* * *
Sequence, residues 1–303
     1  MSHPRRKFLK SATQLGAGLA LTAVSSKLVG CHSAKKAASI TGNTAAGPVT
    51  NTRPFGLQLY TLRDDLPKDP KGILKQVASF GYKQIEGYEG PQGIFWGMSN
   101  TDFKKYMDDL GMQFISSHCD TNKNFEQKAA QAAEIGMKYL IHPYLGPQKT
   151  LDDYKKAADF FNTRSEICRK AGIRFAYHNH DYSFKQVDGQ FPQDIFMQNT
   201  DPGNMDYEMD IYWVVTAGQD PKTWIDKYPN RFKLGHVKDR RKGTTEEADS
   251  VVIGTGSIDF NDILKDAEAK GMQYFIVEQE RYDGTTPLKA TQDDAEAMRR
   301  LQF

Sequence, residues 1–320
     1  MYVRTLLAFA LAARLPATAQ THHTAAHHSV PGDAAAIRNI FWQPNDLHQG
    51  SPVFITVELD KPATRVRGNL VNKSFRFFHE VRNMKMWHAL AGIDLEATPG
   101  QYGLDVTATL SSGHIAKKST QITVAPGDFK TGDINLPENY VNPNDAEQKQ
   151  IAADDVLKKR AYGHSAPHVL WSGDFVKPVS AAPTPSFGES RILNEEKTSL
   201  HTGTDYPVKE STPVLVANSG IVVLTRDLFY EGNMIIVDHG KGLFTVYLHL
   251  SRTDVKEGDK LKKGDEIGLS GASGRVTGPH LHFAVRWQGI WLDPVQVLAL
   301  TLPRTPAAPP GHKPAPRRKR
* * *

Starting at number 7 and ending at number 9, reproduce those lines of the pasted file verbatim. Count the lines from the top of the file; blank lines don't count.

   251  VVIGTGSIDF NDILKDAEAK GMQYFIVEQE RYDGTTPLKA TQDDAEAMRR
   301  LQF

Sequence, residues 1–320